By contrast the C major sonata, probably the most significant of Schubert’s unfinished works, is Beethovenian in its grander orchestral textures and gestures, yet always shot through with the most intimate, introspective writing, its ambiguity made even more explicit through Schubert’s fondness for unusual harmonies and unexpected modulations. The transition between the F-minor sonata and this one works here because the C major Sonata opens with a sense of uncertainty, a spare, haunting motif rather than an emphatic statement. Inbar’s account is robust when required, but he is also acutely sensitive to the mercurial nature of this music.

Michael Finnissy’s piece is a stand-alone work but also completes the D 840 and was written for Inbar, who premiered it in May 2017. Finnissy describes Schubert as someone who has been “heavily marketed by the media, whose personality has been very frequently discussed….We don’t know our last moments and we shouldn’t think we know Schubert’s last moments either…I didn’t want a slow decline into an autumnal coda. I just wanted it to stop, almost with a question mark. Has it finished, has it not finished? What more do we know about Schubert from listening to this?” The work intriguingly interleaves distinctly Schubertian idioms and motifs with instances of unexpectedly crunchy dissonances and dramatic outbursts. Like the D571, it ends ambiguously. If you half-listen you might think this is pure Schubert in a particularly idionsyncratic mood, and, taken with the Widmann which follows, it’s instructive in revealing the essence of Schubert’s writing and the influence and pull of that writing on composers who followed him. Here, the new shines a light on the old, and vice versa.

The extremes of Schubert’s emotional landscape are reflected and distorted in Jorg Widmann’s Idyll und Abgrund, six little Schubert ‘reminiscences’ which combine dreamscapes, brilliance, drama and violence with fragments of Viennese waltzes, raunchy Ländler, and even a child’s music box, complemented by a whistle by the pianist, all handled with immediacy and panache by Inbar.

Highly recommended


Yehuda Inbar: Schubert – Finnissy – Widmann is available on the Oehms Classics label

 

 

 

 

artworks-000404027133-aju8pu-t500x500James Kreiling, piano (Odradek)

The music of Alexander Scriabin inhabits a distinctive, personal soundworld which is hard to define. It is the music of excess, ecstasy, tumult and passion. It is excessive, overripe, decadent, heavily perfumed, languorous and frenzied, lacking in structure and sometimes downright bizarre. The music of extremes, it is “hyper everything”, and as such it defies description or categorization. Its language is complex, often atonal and frequently almost impenetrable. For some listeners, and artists too, it is this “over-the-top-ness” that is off-putting; for others, myself included, it is this sense of excess and rapture that is so compelling. His personal life and outlook mirrored the excesses of his music: he was dissolute, he could be outrageous, he had high-falutin’ ideas of his own self-worth, and he believed music should be intimately connected to all of human experience. Perhaps this explains the breathless sensuality, the roaring passion and mystic spirituality of his music. All of human life is here, in all its ecstasy, agony, terror and beauty.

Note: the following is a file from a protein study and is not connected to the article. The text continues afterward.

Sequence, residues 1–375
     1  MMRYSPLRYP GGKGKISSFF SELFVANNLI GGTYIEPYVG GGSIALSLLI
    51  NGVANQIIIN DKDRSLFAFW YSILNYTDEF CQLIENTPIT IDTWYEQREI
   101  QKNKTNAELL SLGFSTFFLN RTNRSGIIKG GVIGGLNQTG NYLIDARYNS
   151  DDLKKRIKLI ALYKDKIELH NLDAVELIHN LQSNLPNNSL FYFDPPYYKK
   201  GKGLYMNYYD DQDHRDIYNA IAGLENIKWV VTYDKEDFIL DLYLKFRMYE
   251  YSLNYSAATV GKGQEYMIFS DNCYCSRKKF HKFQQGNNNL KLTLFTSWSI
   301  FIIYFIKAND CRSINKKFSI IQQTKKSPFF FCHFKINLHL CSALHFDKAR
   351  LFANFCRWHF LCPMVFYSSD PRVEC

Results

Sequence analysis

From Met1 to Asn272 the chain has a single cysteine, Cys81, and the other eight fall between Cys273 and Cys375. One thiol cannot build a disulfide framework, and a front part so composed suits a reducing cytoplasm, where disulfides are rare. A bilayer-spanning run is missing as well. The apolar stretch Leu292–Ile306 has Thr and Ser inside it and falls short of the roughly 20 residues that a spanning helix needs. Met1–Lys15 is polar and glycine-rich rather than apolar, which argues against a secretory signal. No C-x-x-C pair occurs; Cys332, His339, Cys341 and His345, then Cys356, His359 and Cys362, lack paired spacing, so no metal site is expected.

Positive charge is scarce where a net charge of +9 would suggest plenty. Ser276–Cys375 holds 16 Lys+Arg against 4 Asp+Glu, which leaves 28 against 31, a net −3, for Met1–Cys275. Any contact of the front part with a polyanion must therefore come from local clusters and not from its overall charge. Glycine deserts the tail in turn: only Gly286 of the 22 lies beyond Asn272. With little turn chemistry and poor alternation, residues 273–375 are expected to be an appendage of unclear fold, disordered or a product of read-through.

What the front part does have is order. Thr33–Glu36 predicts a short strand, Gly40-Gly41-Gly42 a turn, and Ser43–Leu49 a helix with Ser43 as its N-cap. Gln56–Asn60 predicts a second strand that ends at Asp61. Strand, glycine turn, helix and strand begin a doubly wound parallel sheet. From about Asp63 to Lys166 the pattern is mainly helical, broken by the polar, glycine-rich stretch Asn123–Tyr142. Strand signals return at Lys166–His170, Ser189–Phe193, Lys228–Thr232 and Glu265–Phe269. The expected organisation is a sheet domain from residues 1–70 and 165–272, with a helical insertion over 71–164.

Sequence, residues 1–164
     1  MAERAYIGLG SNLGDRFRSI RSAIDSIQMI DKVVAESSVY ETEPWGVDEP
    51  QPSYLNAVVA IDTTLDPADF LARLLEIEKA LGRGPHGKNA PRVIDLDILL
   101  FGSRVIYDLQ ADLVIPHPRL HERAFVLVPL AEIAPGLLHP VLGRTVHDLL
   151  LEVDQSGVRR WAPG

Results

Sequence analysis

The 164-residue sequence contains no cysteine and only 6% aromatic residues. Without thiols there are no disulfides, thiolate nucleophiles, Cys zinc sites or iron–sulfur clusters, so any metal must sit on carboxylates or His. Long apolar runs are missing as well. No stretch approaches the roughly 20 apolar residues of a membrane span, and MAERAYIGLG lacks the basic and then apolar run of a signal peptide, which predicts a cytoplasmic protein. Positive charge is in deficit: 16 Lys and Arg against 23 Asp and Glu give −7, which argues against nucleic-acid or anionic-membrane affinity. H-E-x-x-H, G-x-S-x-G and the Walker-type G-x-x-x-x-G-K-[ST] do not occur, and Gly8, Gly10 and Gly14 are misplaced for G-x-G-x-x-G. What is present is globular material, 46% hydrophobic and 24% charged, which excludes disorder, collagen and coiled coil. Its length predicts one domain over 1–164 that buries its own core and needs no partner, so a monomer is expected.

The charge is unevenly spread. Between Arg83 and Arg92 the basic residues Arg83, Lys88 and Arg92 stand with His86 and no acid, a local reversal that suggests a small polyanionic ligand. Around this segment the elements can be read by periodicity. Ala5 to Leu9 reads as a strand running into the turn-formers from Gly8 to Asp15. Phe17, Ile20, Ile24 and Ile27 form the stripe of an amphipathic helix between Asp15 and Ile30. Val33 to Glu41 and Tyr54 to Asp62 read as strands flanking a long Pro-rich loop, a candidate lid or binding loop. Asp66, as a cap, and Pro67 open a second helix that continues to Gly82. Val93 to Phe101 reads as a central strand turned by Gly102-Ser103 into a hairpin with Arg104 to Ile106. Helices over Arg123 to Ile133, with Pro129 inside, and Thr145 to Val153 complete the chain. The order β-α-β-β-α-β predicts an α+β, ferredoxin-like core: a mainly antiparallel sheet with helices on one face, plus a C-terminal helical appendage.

In his piano music, he reveals himself as a master of the miniature, and while he wrote 10 piano sonatas – interesting in themselves as they chart his compositional development (nos. 5 to 10 are included on this album) – his shorter works for piano, including some 85 Preludes, distil in microcosm his unique style.

If anything, Scriabin’s late piano music is perhaps his most interesting, revealing his move away from the “pure” Chopin/Schumann/Liszt-influenced romanticism of the nineteenth century as he experimented with unusual harmonies (his “mystic chord”, derived from a dominant 7th) and a kaleidoscopic tonal palette. In addition, fleeting fragments of melody, fleeting filigree figurations, brooding dream sequences, haunting chromaticism, febrile complex rhythms point towards Schoenberg, Messiaen and the avant garde and leave us wondering what Scriabin might have written had he lived longer into the 20th century.